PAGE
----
In the United States, it is common practice to pay for mortgage points, which come in two varieties: origination points and discount points. Each is equal to 1% of the total loan amount. This means for a $100,000 home loan, one point is equal to $1,000.
Origination points are used to compensate mortgage loan officers, and these points are not tax deductible.
Discount points, on the other hand, are prepaid interest. Each point purchased lowers the interest rate on the mortgage by 0.25%. Most lenders allow borrowers to purchase zero to four discount points, which may be used to decrease mortgage payments. Discount points are tax deductible.
When lenders advertise mortgage rates, they typically show a rate based on the purchase of points. Discount points are paid at closing. Buyers may not pay points on a VA or FHA guaranteed home loan, but home sellers can.
Should You Pay for Points?
This decision requires understanding the mortgage payment structure, as there are two very important considerations to keep in mind when deciding whether or not to pay for discount points.
The first factor is how long you expect to live in your home. The longer you stay in the home, the more you can save by purchasing points. For example, a $100,000 loan with a 6% interest rate will result in a principal and interest payment of $599.55 each month. With the purchase of three discount points ($3,000), the interest rate drops to 5.25% and the monthly payment is lowered to $552.20 each month.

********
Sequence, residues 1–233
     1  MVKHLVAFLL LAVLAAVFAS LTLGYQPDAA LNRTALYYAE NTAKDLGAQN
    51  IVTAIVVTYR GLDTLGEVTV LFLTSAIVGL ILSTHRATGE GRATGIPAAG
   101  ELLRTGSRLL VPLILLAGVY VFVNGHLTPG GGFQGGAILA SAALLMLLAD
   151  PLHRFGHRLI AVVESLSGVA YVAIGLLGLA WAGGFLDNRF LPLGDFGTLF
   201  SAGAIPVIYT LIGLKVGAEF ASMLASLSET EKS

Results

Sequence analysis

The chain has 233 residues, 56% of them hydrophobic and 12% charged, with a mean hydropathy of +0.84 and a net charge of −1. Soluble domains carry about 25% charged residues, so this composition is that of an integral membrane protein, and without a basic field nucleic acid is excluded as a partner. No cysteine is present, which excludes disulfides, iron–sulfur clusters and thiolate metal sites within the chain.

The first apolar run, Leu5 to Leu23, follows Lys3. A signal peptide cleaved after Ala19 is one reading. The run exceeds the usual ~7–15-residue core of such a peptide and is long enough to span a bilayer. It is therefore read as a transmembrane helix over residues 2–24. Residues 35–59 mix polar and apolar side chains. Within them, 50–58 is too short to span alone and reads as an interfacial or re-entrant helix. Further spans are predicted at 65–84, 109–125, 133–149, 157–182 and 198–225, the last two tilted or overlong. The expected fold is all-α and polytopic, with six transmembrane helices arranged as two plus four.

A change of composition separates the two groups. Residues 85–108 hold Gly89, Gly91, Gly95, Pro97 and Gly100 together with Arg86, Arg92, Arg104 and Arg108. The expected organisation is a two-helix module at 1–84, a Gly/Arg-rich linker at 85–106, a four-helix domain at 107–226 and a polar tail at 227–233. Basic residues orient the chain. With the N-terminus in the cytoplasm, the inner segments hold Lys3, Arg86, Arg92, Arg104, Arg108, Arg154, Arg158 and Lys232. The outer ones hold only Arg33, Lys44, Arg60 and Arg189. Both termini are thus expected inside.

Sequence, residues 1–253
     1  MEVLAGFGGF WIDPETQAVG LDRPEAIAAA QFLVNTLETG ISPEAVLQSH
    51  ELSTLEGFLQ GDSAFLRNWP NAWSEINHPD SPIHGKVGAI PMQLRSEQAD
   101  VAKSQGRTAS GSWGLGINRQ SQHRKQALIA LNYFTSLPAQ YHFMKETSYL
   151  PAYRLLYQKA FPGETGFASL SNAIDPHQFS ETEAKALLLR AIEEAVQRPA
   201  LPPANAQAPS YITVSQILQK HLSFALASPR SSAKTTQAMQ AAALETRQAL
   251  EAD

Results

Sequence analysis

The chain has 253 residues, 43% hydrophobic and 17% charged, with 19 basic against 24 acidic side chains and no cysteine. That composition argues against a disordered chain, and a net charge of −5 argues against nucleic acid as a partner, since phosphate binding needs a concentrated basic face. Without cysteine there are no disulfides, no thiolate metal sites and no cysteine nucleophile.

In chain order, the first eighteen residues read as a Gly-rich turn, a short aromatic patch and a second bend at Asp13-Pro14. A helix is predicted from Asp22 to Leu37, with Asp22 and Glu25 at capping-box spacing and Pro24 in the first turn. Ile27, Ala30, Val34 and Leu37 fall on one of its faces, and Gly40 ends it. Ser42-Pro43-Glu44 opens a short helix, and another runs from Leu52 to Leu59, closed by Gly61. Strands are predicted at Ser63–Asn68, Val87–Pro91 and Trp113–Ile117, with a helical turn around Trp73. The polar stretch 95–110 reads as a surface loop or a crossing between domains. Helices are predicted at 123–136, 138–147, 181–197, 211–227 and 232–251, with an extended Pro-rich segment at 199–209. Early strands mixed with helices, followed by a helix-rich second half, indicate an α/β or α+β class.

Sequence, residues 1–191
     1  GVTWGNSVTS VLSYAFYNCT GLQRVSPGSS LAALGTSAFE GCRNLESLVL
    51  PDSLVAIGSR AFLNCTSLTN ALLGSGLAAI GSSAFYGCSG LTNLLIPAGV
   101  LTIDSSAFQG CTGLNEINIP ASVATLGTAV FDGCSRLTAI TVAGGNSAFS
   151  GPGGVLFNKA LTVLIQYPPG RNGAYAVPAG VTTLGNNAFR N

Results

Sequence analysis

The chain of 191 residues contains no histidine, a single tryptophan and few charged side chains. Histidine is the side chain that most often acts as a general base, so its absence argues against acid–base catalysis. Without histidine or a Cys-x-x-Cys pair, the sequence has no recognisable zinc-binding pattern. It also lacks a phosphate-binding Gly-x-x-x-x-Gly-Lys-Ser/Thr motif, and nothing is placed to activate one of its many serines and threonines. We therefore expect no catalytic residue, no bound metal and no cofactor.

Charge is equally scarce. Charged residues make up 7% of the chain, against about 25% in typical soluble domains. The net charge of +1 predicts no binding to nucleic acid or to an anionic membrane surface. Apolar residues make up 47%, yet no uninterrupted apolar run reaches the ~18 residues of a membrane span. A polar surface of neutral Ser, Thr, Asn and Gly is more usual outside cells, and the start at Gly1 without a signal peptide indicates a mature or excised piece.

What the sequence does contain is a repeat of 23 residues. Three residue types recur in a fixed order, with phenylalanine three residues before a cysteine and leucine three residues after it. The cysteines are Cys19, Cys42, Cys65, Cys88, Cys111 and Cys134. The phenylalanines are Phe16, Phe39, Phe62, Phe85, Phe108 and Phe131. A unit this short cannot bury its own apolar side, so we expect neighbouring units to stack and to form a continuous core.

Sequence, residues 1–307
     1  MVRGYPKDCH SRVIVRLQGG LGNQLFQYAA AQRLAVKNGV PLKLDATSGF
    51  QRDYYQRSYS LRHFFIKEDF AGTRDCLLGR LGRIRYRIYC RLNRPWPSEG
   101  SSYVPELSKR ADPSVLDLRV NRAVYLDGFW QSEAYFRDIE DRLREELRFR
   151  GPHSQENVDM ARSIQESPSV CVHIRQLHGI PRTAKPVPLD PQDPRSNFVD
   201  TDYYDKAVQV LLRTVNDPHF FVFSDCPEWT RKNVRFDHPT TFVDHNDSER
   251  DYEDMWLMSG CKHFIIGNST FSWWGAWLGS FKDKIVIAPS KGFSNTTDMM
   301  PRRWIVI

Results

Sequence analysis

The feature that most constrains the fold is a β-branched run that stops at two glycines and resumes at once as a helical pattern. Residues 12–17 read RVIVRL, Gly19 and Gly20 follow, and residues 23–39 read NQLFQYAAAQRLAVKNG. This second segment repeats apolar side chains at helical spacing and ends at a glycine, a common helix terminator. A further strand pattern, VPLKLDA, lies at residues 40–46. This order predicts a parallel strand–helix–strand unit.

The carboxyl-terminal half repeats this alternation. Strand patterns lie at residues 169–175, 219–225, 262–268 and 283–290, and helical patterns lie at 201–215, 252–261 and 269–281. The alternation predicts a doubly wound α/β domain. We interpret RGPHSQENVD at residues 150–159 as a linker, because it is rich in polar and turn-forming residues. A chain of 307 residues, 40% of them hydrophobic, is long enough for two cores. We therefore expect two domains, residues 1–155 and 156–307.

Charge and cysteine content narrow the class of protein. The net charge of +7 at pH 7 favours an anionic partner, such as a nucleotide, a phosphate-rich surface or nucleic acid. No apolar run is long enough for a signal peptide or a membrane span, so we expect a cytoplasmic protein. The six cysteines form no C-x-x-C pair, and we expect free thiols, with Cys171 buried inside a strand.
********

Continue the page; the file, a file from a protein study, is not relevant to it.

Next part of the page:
To break even in this example, the homeowner would need to stay in the home for 63 months. Because a 30-year mortgage lasts for 360 months, purchasing points can result in substantial savings over the long run.
The second factor is whether or not you have the cash to pay for discount points. Many home buyers have trouble just affording the down payment and closing costs and do not have money left over to buy points.
Are Points Worth the Cost?
Some experts argue that the money used on discount points could be put to better use by investing the money for a higher return. The average homeowner, however, is generally more concerned with getting into a mortgage they can afford, and this concern outweighs potential benefits that may be earned by choosing a different investment.
Homeowners also tend to buy a home not for increasing value but as a place to live and own in the long run. Even if your home triples in value, you will still be unlikely to sell because you will still need a place to live, and surrounding homes have also likely gained in value as well.
If you plan to remain in the home for many years and you want a lower monthly payment, buying discount points is worth the cost, as long as you can afford the upfront payment.